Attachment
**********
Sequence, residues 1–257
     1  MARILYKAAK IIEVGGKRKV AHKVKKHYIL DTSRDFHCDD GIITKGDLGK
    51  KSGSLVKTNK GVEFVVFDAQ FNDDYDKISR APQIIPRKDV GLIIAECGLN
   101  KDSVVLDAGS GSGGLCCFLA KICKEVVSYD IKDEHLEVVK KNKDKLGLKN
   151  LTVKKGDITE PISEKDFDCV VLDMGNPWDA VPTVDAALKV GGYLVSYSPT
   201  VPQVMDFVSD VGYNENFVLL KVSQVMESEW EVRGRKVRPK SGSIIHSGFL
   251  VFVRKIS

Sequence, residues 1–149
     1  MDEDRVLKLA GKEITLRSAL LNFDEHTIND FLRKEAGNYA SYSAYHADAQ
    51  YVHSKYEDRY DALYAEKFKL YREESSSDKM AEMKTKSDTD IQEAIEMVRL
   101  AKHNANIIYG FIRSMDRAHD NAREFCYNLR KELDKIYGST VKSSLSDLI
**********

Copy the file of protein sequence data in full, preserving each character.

Sequence, residues 1–257
     1  MARILYKAAK IIEVGGKRKV AHKVKKHYIL DTSRDFHCDD GIITKGDLGK
    51  KSGSLVKTNK GVEFVVFDAQ FNDDYDKISR APQIIPRKDV GLIIAECGLN
   101  KDSVVLDAGS GSGGLCCFLA KICKEVVSYD IKDEHLEVVK KNKDKLGLKN
   151  LTVKKGDITE PISEKDFDCV VLDMGNPWDA VPTVDAALKV GGYLVSYSPT
   201  VPQVMDFVSD VGYNENFVLL KVSQVMESEW EVRGRKVRPK SGSIIHSGFL
   251  VFVRKIS

Sequence, residues 1–149
     1  MDEDRVLKLA GKEITLRSAL LNFDEHTIND FLRKEAGNYA SYSAYHADAQ
    51  YVHSKYEDRY DALYAEKFKL YREESSSDKM AEMKTKSDTD IQEAIEMVRL
   101  AKHNANIIYG FIRSMDRAHD NAREFCYNLR KELDKIYGST VKSSLSDLI